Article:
Georgia Institute of Technology scientists have devised a wireless sensor prototype that can sense extremely low concentrations of ammonia, a major constituent of most of the explosives.
The carbon nanotube-based device, which is printed over paper or similar materials utilizing standard inkjet technology, can be installed in large numbers and finds applications in explosive detection for instance, in improvised explosive devices (IEDs).
Krishna Naishadham, who is the leader of the research team at the Georgia Tech Research Institute (GTRI) and a principal researcher, commented that the prototype comprises a communication device and a sensor in a compact, economical package that can work in almost all locations and can sense the presence of extremely low concentrations of ammonia down to 5 ppm.
Xiaojuan (Judy) Song, a scientist at GTRI, fabricated the functionalized carbon nanotube-based sensing element and tested the same for sensitivity. Sensor data is transmitted through a wireless component, a resonant lightweight antenna. Professor Manos Tentzeris, who serves at Georgia Tech's School of Electrical and Computer Engineering, has developed the inkjet techniques utilized for the printing of the wireless component onto photographic paper.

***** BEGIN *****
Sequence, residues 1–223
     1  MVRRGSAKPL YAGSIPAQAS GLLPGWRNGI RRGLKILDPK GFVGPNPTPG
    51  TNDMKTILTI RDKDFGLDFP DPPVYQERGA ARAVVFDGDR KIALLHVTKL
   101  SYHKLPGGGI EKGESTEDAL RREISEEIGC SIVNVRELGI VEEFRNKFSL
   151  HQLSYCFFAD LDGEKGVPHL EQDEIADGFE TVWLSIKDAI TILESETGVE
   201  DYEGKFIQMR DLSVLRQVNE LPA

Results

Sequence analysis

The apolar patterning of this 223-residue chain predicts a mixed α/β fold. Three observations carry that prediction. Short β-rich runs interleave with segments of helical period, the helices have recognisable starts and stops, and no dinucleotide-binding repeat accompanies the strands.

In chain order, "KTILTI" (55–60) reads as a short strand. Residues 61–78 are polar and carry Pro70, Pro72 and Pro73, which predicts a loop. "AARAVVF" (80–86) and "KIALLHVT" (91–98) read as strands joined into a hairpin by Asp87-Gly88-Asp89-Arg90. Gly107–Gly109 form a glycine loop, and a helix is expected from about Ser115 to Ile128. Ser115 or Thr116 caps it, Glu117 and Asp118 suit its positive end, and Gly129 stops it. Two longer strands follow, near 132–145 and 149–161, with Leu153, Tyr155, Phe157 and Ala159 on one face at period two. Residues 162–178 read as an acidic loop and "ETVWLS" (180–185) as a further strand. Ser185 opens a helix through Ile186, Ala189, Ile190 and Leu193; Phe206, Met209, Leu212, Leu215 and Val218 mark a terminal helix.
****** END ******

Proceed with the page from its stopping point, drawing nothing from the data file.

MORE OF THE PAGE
Tentzeris stated that the antennas, circuits and components can be printed effectively using an innovative ink, which is an emulsion containing silver nanoparticles and can be uniformly printed at low temperatures of roughly 100°C. Optimal ink homogeneity and viscosity is achieved using a method known as sonication resulting in even deposition of the material and providing optimum operating efficiency for paper-based components.
Naishadham commented that the inkjet processes utilized for the fabrication of antennas, circuits and RF components can also be utilized for the deposition of the functionalized carbon nanotubes in order to fabricate the sensor. A conductive polymer that has sensitivity towards ammonia is coated over the carbon nanotubes to functionalize them. The functionalized carbon nanotubes undergo sonication process to produce a homogenous water-based ink. The resulting ink is then printed over antennas and RF components side-by-side for the fabrication of tiny wireless sensor nodes.
The prototype, with the utilization of RF technology, can sense trace amounts of explosive materials at a safe distance, which is called standoff detection. Solar cells, thin-film batteries and other energy-harvesting or power-saving technologies can be used as the power source for the wireless sensor nodes. The researchers are further studying the possibilities of enabling the sensor to work in the absence of a power supply.